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Now Western Digital has released the WD TV Live HD Media Player, which offers a number of features including better video playback and navigation, access to online services like YouTube, Flickr, Pandora, and more, support for more file formats, and connectivity to both local networks and the internet via WiFi and ethernet. Hardware-wise the WD TV Live HD Media Player is almost identical in size and shape to its sibling, the WD TV HD Media Player. As I mentioned above, the WD TV Live HD Media Player sports an ethernet port, but you can also connect it via WiFi. Since I wrote my previous review on the WD TV HD Media Player, the most common questions I get asked are around format support. To see how well the WD TV Live HD Media Player would perform I loaded up a USB stick with video files in a variety of formats including DivX, M4V, MOV, and MP4. Streaming videos from YouTube, watching photos from Flickr, listening to music via Pandora and Live365 all proved to be just as effortless.
The WD TV Live HD Media Player also offers the option of hooking to your computer or NAS and enjoying your media that way, too. As with the previous review, if you have any formats you’d like me to try, please put them in the comments below.
There are now ten products out there that network and play all the same files as WD does, are in the same price range, yet have full iso chapter and menu playback which WD can’t do due to some bug that has never been fixed. I want to run my FAT 32 external hard drive through this but am not sure if it will read it.
The WD TV Live can read a Mac HFS + formatted drive just fine, though I DID turn off journaling. Does the WD Live TV HD Media Server device support the “RMVB” (Real Media Variable Bitrate) video format? Bought one of these the other week after having used a Windows Media Extender for a couple of years. The 2014 WD TV is the newest addition to the WD TV line, joining the entry-level WD TV Play and the now midrange WD TV Live. Western Digital (WD) has been a leader in the computer storage industry for decades and has developed a pretty capable lineup of streaming median players since 2009. People wanted to be able to stream TV shows from Netflix or Hulu as well as play their existing media stored on their network. The WD TV Live (2011) and WD TV Live Hub (2010) were the top of the line models until this year.
The new WD TV (2014) does everything that the WD TV Live could do, but adds Miracast and features to customize your display. The WD TV has the typical matte black design, with the WD logo located on a small glossy black section on the left side of the face. The strength of the WD TV media player lineup is their ability to play anything in your media library. Western Digital designed the unit to be inconspicuous on your entertainment center, hiding in the shadows whenever possible. The rest of the remote includes large Power and Home buttons at the very top of the unit, standard playback functions and four arrow keys which will be the most frequently used buttons.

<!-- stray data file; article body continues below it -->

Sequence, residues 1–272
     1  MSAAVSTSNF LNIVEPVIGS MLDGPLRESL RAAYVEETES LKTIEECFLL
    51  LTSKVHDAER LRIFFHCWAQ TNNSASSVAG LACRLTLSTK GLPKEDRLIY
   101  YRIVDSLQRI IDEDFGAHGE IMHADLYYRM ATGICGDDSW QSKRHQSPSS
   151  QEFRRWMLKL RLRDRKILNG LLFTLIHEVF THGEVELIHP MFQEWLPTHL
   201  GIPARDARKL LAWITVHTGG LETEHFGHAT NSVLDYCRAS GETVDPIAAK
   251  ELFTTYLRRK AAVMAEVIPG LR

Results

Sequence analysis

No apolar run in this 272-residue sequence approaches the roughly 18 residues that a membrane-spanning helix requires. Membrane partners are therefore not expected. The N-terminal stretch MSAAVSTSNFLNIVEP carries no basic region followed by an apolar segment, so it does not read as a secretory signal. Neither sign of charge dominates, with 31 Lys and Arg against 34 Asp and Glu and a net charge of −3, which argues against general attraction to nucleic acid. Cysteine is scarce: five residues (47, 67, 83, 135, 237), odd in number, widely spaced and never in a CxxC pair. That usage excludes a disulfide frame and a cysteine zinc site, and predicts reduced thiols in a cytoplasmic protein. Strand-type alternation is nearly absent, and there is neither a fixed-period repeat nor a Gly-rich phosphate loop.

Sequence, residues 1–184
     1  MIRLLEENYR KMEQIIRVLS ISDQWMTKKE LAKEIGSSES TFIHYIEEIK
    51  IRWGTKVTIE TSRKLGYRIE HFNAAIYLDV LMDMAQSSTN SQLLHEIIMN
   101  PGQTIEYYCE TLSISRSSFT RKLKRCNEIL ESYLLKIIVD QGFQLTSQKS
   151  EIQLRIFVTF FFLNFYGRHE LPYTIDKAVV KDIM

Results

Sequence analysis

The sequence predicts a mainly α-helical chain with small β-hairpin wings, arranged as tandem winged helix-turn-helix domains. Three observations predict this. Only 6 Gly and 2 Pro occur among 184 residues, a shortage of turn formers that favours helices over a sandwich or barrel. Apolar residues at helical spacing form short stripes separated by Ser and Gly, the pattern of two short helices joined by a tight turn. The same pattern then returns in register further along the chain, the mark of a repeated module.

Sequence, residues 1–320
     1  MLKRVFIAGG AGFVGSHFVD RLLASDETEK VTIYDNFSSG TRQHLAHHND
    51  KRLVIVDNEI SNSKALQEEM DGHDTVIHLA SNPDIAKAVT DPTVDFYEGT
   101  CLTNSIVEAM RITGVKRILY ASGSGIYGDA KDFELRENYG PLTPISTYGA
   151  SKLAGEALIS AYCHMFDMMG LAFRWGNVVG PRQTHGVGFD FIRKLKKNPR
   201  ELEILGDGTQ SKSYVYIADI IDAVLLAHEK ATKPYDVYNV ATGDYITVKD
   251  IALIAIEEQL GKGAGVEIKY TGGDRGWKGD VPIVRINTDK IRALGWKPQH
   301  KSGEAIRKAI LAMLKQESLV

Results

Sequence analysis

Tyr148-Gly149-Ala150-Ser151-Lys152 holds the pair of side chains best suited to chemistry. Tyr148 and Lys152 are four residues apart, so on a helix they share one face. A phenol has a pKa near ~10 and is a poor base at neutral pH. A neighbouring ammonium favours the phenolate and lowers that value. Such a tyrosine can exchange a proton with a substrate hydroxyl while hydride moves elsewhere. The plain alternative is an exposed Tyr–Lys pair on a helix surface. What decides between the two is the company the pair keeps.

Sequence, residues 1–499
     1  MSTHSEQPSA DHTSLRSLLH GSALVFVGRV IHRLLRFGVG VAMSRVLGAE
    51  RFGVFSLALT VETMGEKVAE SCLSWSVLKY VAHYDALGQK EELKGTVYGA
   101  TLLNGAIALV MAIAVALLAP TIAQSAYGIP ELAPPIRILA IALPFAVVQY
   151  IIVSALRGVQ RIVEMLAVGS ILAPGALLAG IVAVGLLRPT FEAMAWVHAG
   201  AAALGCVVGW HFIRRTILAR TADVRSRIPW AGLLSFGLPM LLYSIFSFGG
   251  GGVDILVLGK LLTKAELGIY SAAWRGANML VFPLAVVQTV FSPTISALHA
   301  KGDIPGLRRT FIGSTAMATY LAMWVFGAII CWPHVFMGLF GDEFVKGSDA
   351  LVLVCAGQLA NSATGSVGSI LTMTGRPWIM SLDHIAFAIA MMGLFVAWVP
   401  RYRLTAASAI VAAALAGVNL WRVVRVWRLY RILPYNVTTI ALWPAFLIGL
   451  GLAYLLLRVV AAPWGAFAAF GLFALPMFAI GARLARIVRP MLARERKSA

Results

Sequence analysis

This means that you can change the music playing on your living room media player from the kitchen, or send a subtle reminder to your kids that it’s time to stop watching TV and do their homework. Here you’ll be able to enter your network username, password, information, workgroup, etc. I mentioned previously that setup was time consuming, and here’s where that part begins. The strength of WD’s streaming media players is in what data formats they can play – and they can play A LOT of them! During our WD TV review we threw everything we could at this player and it took it like a champ. The WD TV also comes loaded with several apps with the option for many more depending on your viewing area. One of the reasons to upgrade to the 2014 version of the WD TV is the ability to Miracast your screen from your Android phone or tablet. According to the user manual for the WD TV player, the USB storage system file formats supported are FAT32, NTFS and HFS+. When we have the chance to entertain friends or family by using the WD TV player, they are taken back by the quality of the video playback. If you're anything like me, you often find yourself wishing for an easy way to watch your digital media from the comfort of your own couch.
Both the Xbox 360 and Playstation 3 support a variety of different media formats, including high-definition video. Home theater PCs are a tantalizing option, but they can prove cost-prohibitive if done right. Instead, some folks may rather have a simple device whose sole purpose is to play downloaded or ripped content in the living room. One of the most recent newcomers to this market is the not-too-originally named WD TV HD Media Player, with which Western Digital aims to shake up the market. Sporting a glossy, piano-black finish and only two subtle LED indicators on the front, the WD TV is a pretty slick contraption that would look right at home in just about any entertainment center. Speaking of cables, it's worth noting that the WD TV only includes composite cables, which is pretty odd for a device that brands itself as an "HD Media Player." Customers without a spare HDMI cable will be upset to find that they can't enjoy high-definition content from the WD TV right out of the box, which is borderline inexcusable. Another curious inclusion in the box is a vertical stand for small portable hard drives—ideally a My Passport device, as far as Western Digital is concerned.
Along the left side of the WD TV lies an additional USB 2.0 port for a second mass-storage device, as well as a pinhole-sized reset button.
The hardware isn't all that much to look at, since the Sigma 8635 chipset used for decoding is buried under a large heatsink that happens to be glued on there pretty tight—believe me, I checked.